Thomas and Apache

Thomas and Apache

It was a pleasure to see these young dogs on the trail with Thomas.  Spunky Yesman up front was charging down the trail.  Arson is more serious, quiet and attentive.  Vegas led for much of the run.  Her drive and athleticism some of the traits we hope she has passed on to her puppies from this summer.  You can see pictures of all of the dogs training for races on our website.  In fact, if you are still looking for a gift for the person who has everything, you could consider a dog sponsorship.  It is a great way to be part of the team making its way to Nome.  More information is available on our website or you can email with questions.

As many of you who visited this last summer know, it will be Thomas, not Mike who is running the dogs in the Iditarod this year.  Mike has been focusing himself on Idita-Dad and the importance of caring for Max.  However, Mike will not be sitting home during the race.  Just as Mike has enjoyed watching the young dogs develop, coaching Thomas has been a rewarding experience.  It has not been without challenge to help Thomas develop the instincts necessary to be successful in a feat such as the Iditarod, but ultimately watching him grow and move towards fulfilling his dream of running the Iditarod has been satisfying. It has also helped Mike develop coaching skills which, no doubt, will be useful as Max gets older.

Thomas and Arson

Thomas and Arson

As the start date of the Iditarod has approached, Mike’s restless nature has caused him to dream up a way to be involved in the race.  He has decided that he will follow the Iditarod by snowmobile.  He will cover the same ground as the mushers, and watch with pride the human and canines he has coached. Not one for small ideas, Mike has decided to take this adventure one step further by inviting Thomas’ father, Richard, to join him.  Thomas’ father has been a long time fan of the race and bringing him along will allow Mike to help not only Thomas, but also Richard fulfill an Iditarod dream, and at the same time allow him to witness his son’s success.  Mike will be bringing the Iditarod to life, blogging from the trail with insights, trail conditions, descriptions of the places they are visiting, and ideas about how the race is developing.  I will share these updates, stories and photos with you.  If you know someone who may be captivated by the Last Great Race on Earth, let them know about our newsletter.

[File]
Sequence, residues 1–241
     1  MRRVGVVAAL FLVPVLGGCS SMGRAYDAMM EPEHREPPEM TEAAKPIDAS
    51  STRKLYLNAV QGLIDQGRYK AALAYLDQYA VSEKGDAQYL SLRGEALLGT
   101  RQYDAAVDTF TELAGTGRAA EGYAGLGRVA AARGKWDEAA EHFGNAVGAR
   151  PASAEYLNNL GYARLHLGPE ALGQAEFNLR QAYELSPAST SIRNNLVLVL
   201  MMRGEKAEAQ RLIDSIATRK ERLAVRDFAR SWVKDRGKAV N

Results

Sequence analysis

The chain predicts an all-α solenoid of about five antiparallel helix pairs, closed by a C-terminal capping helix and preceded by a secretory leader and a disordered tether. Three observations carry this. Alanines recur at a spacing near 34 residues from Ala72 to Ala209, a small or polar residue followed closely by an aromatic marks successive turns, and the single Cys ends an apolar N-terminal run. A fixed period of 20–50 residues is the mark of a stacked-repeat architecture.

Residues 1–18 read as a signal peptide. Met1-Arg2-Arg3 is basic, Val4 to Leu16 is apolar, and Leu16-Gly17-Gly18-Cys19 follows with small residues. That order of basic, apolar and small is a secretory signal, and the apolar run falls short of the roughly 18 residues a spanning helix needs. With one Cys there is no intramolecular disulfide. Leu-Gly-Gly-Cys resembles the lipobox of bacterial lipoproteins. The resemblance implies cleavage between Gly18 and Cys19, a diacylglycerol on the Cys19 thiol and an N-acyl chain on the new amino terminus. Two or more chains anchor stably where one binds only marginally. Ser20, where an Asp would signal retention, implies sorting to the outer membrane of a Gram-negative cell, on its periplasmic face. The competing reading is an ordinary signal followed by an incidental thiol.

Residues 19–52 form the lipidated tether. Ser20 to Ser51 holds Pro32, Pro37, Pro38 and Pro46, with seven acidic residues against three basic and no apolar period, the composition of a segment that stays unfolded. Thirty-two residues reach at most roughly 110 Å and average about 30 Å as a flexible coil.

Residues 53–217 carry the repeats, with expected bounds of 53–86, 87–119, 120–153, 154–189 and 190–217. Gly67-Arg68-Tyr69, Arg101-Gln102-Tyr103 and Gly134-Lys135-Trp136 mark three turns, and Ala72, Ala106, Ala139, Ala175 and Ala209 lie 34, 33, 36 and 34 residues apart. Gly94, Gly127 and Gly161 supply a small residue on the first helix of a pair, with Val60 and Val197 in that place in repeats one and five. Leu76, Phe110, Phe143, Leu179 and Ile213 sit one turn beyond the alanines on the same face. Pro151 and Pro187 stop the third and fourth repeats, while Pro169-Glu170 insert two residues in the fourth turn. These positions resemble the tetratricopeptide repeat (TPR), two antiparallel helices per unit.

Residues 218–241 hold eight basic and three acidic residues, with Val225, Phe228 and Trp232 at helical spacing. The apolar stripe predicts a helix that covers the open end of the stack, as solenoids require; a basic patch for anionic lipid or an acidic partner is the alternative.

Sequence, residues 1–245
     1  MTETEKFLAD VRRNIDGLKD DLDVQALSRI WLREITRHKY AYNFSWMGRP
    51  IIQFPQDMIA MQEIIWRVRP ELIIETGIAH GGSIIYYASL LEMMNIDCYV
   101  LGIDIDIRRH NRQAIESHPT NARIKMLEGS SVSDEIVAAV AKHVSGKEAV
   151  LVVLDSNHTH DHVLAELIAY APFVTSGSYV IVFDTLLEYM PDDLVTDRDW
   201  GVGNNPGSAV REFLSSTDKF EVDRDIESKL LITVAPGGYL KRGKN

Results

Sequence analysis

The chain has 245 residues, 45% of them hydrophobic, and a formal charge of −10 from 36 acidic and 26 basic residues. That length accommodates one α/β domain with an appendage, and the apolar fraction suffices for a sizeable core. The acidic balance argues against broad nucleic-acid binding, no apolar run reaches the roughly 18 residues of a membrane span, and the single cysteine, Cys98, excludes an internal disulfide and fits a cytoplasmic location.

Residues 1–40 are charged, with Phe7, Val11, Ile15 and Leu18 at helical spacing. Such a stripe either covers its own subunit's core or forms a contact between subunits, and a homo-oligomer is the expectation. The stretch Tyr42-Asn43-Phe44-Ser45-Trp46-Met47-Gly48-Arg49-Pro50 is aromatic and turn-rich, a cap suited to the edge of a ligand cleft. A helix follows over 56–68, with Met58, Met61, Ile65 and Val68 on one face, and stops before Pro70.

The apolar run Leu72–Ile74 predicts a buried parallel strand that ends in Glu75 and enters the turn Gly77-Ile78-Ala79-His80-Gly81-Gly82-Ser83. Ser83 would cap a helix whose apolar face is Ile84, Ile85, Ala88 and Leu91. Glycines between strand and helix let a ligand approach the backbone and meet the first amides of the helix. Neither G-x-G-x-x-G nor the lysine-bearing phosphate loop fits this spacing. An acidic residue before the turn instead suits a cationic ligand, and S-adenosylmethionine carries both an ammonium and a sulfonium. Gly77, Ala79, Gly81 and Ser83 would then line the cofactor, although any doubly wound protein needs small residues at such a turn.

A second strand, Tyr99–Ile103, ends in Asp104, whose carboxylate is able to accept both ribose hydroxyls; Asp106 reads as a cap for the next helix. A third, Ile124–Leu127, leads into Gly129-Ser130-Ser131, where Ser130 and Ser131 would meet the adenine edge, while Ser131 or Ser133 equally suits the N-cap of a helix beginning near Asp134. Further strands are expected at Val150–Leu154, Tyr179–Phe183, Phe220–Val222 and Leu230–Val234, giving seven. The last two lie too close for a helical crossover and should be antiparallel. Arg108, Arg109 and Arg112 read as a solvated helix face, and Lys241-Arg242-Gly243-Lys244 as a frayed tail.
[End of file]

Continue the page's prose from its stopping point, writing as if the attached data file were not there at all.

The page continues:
While the Iditarod training and planning hours are long, today marks the shortest day of the year. However, it is far from dark outside.  Even though the sun has been down for hours, the yard is fully illuminated, as “The moon on the breast of the new-fallen snow gives the luster of midday to objects below.”  May your holiday time be filled with treats and affection for humans and dogs. 

Merry Christmas and Happy Solstice to All
(or as Max has been saying Merry Kiss-Moose and Happy New Bear)


Mike, Caitlin, and Max